Macy's executives have a diagnosis for their struggling company. Everything needs to change, including the entire supply chain. Macy's executives laid out the details of the coming transformation in an Investor Day Presentation Wednesday.
"Like many retailers, Macy's previously viewed the supply chain as transactional — moving goods from point A to point B and optimizing costs along each individual point. While this was effective in the old retail model, it limits flexibility. It drives up and costs and impacts the speed and service we need in today's omnichannel model," said Macy's Chief Supply Chain Officer Dennis Mullahy, who joined in March as the company's first CSCO. Even then, before a disappointing peak season, it was clear that he came on board with the task of transformation.
Mullahy took over a supply chain with siloed management for each delivery channel — each with its own transportation plan and technology stack. The incremental costs added up without much effort to find synergy between them.
"This is a very tough time in our organization right now," CEO Jeff Gennette said. The retailer will shed 125 underperforming stores and roughly 2,000 employees. Offices will move and consolidate in an effort to bring down operating costs and improve margins. In the first year of the supply chain transformation, Macy's expects to generate $500 million in savings — $900 million by 2022. Cost reduction across the entire organization should eventually reach $1.5 billion in annual gross savings.
The plan he laid out touches each area he now oversees within one centralized supply chain organization: sourcing, inventory management and analytics, transportation, distribution and operations, procurement and sustainability.
Macy's currently operates two warehouse networks that are essentially separate — one serves stores and the other serves direct consumer orders. Vendors ship products to both systems. Store orders go directly through this network with no inventory remaining in the warehouses, making rebalancing inventory next to impossible.
The company will now transition to a centralized model — fully implementing its "hold and flow model," which demands initial allocations to stores be light and replenishment flexible to feed stores that need it and avoid the markdowns that result from feeding stores that don't.
In the new model, multipurpose warehouses will hold inventory, which will either replenish stores or fulfill e-commerce orders. Macy's four existing e-commerce warehouses will transition to the multipurpose function.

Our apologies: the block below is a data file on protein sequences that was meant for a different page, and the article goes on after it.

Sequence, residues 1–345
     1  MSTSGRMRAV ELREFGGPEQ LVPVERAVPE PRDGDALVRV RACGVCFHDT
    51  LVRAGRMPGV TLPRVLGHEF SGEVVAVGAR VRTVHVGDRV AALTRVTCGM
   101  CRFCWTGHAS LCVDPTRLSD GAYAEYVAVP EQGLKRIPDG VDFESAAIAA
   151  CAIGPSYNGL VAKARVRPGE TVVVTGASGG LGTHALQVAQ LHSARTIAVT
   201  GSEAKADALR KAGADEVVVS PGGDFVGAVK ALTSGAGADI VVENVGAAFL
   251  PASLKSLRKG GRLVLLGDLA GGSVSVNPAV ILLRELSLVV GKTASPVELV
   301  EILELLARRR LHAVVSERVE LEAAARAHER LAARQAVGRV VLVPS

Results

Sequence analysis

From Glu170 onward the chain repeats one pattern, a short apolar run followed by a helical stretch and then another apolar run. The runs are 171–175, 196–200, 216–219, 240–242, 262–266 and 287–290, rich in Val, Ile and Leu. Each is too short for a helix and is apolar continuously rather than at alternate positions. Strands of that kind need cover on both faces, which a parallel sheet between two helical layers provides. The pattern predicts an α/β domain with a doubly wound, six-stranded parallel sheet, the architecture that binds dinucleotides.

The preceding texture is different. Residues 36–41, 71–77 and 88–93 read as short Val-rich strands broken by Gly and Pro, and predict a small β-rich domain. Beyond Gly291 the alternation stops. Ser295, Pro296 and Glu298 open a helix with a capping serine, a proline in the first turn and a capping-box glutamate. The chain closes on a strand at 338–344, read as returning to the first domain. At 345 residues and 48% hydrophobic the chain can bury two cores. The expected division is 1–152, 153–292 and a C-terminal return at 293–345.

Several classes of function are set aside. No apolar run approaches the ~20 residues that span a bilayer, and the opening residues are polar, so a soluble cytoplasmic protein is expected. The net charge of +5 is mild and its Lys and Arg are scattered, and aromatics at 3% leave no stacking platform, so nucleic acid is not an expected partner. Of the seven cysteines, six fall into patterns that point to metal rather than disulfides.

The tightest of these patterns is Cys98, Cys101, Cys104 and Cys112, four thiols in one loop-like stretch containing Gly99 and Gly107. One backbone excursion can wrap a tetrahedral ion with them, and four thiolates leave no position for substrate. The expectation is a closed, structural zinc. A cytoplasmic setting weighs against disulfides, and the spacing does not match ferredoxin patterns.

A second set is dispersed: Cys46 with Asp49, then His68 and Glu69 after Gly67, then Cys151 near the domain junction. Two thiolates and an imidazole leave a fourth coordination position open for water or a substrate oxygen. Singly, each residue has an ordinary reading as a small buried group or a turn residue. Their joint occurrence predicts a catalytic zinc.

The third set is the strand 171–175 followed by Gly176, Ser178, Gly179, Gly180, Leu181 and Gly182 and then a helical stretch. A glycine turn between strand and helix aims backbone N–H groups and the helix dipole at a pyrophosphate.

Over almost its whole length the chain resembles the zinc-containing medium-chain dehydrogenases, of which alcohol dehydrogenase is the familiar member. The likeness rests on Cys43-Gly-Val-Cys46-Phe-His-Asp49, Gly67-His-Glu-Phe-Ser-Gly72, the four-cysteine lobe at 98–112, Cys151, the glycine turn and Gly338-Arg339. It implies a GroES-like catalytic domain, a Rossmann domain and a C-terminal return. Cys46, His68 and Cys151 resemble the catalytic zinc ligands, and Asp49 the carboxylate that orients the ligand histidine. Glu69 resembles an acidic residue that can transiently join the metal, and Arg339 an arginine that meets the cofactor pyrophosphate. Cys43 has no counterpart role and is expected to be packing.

This move will get Macy's closer to best practice in terms of omnichannel fulfillment, according to Moody's Senior Analyst Christina Boni. "The big takeaway is you really should have one area of fulfillment— not store fulfillment and online fulfillment. That is ultimately going to enable you to use your inventory investments more effectively as well as improve the customer experience overall in terms of in-stock positions," Boni told Supply Chain Dive.
Mullahy said a pilot of the centralized model reduced cost per e-commerce package by $3.74, sped up total fulfillment time by 6% and produced a 3% reduction in split shipments.
The new operating strategy will better enable omnichannel offerings for consumers, including store pickup, which Macy's already offers, but could improve with scheduled curbside pickup and a larger assortment available for within omnichannel options, Head of Digital Jill Ramsey said.
Coming soon to Macy's staff is a central platform that will help Macy's teams locate inventory at the SKU level across the chain. This will be essential to achieve the company's goal of store-level pricing and fine-tune the "hold and flow" strategy.
A technology and data-driven approach to inventory management will be in Macy's future but the details are still vague.
"When you look at the several companies that came together to form Macy’s, you can imagine the number of inventory systems that we have. The complexity of pulling all of that together, showing one source of truth is the complexity," Macy's CTO Naveen Krishna said.